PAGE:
Törbel (pop. 468) is a typical Upper Valaisan village of sun-blackened wooden chalets and narrow streets, accessible from Stalden near Visp by postal coach. But the commune is also typically Swiss in its small-scale lifestyle and centuries-old system of local governance. And thus it helped put two U.S. scientists among the galaxy of academic stars. The more famous was Elinor Ostrom (1933-2012), a “poor kid” from California who became the first woman to win the Nobel Economics Prize, though she wasn’t a professor of economics.
Prof. Ostrom, who preferred to be called Lin, came to Törbel in the 1980s as a political scientist. There she learned how, since at least 1483, the local community had successfully managed the region’s bisses (Suonen in Upper Valais dialect) – the historic Valaisan systems of irrigation channels. Combined with further researches around the world, her studies became the core of her major theoretical work, on what she termed common pool resources (CPR).
Ostrom found eight “design principles” for stable allocation of resources shared by a common pool. You can find them on the wikipedia page about her. Basically they require you to ensure that local communities get equal rights and responsibilities for managing resources.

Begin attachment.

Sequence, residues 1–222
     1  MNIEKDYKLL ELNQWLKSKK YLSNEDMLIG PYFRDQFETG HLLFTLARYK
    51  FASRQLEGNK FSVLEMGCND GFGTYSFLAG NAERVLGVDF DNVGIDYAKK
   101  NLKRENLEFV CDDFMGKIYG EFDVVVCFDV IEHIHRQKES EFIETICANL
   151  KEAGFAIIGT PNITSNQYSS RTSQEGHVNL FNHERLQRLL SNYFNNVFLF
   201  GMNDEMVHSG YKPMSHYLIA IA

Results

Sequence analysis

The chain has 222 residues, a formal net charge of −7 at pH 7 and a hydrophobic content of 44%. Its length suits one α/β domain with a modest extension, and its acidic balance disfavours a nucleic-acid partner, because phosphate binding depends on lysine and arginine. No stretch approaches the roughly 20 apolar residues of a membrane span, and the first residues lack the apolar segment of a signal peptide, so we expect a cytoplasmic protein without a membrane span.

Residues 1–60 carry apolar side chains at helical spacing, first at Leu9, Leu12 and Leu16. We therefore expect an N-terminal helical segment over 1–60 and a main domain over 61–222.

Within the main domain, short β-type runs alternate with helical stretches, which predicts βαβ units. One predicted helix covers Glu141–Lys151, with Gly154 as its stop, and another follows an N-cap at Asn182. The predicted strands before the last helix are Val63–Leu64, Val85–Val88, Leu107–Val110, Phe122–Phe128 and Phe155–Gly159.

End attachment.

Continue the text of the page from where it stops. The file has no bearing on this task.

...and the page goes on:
The system doesn’t require a government to oversee them or individual ownership. Her principles challenged the prevailing orthodoxy, known as the tragedy of the commons, which declared that when no-one owns a common resource, everyone has an interest in exploiting it to extinction rather than preserving it. Fish stocks get depleted, grazing lands become bare, forests are denuded, and land worked till it is no longer fertile.
The conventional answer is governmental protection or property rights. Bisses management in the Valais showed these aren’t the only solution. No-one owns the water courses and each individual along the route had – and still has – a right to take from the stream in return for putting in a few days’ maintenance work each year. There were substantial penalties for infractions, but no-one had an incentive to take a lot more than their share.